Find Medical Assistant with Phlebotomy training at Bay Area Medical Academy
How much do phlebotomists make in California? These certified professionals earn anywhere from $34,000 to $52,000 per year depending on their education, experience, and job responsibilities. Individuals who’ve been in the industry for a long time or have specialized skills can make even more than that.
There are a lot of different factors that go into a phlebotomist’s salary. While you can get a general idea of pay by looking at national and state averages, your best bet is to review different types of phlebotomy jobs. That can give you a good idea of where you want to go with your training.
California requires that all individuals who draw blood from patients to be certified in one of three levels. The type of certification you hold will also affect your earning capacity.
|What is required?||What can they do?|
|Limited Phlebotomy Technician (LPT)||Applicants must hold a high school diploma, GED, or foreign equivalency and attend an accredited training program that includes: 20 hours of basic classroom training in phlebotomyThe completion of at least 25 skin punctures that meet standards for clinical testing and examinations||An individual holding an LPT in California is only authorized to complete skin puncture blood collection (i.e. fingersticks). This license does have its uses; for example, for a pediatric medical assistant who needs to be able to take basic samples in the office. This is a basic “limited” license and is excluded from the salary range for phlebotomy practices.|
|Certified Phlebotomy Technician I (CPT I)||Applicants must hold a high school diploma, GED, or foreign equivalency and attend an accredited training program, though the length of that training will depend on their level of on-the-job experience. A phlebotomist with no experience would have to attend a training program that includes:40 hours of basic and advanced classroom training in phlebotomyThe completion of 40 hours of clinical practice that includes 50 venipunctures, 10 skin punctures, and the observation of arterial puncturesThey would also have to pass a national certification examination from an approved agency.||A CPT 1 certification allows you to complete all of the standard job duties of a phlebotomist in the state of California, which includes both skin punctures and venipunctures. EMTs or medical assistants may obtain this certification to supplement their job skills. More often, individuals choose to work specifically as phlebotomists in hospitals, clinics, laboratories, and even on the road. The CPT I license is the best way to start a phlebotomy career. BAMA Institute’s Phlebotomy Technician Course is specifically designed with this goal in mind and is an approved training program that exceeds the California Department of Public Health’s standards.|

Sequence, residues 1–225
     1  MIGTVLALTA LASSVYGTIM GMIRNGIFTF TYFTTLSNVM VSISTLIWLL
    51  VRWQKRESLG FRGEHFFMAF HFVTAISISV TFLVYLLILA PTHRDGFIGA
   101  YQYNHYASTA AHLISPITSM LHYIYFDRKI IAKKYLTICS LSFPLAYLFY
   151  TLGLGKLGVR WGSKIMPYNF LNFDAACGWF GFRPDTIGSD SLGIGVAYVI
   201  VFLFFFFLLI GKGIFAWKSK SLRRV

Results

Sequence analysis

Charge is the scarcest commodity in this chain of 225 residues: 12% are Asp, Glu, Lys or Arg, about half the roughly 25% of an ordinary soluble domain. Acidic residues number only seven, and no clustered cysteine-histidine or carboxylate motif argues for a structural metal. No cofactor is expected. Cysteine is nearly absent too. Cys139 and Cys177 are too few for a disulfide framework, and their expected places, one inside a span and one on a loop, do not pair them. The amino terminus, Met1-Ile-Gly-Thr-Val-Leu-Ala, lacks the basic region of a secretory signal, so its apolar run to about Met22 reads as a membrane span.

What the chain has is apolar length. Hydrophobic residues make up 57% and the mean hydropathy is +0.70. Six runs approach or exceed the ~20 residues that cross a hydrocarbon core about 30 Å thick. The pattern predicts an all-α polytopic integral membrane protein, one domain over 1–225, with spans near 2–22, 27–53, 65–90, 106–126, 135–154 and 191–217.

|Certified Phlebotomy Technician II (CPT II)||Applicants must hold a high school diploma, GED, or foreign equivalency and attend an accredited training program. They must also meet the following criteria: Hold an active CPT I or meet CPT I certification requirementsHave at least 1040 hours of on-the-job phlebotomy experience within the past five yearsComplete 20 arterial punctures that meet standards for clinical testing and examinationA national certification examination is also required to obtain the CPT II.||CPT II certification adds arterial punctures to the list of approved procedures. This means that the needle is inserted into the artery, usually in the wrist, or more specifically the radial artery. These draws are usually done for blood gas analysis, so it’s something that you’ll see more often in respiratory specialties. As it requires extensive experience, most people who apply will already be actively licensed phlebotomists. It’s also a great skill for respiratory technicians to consider.|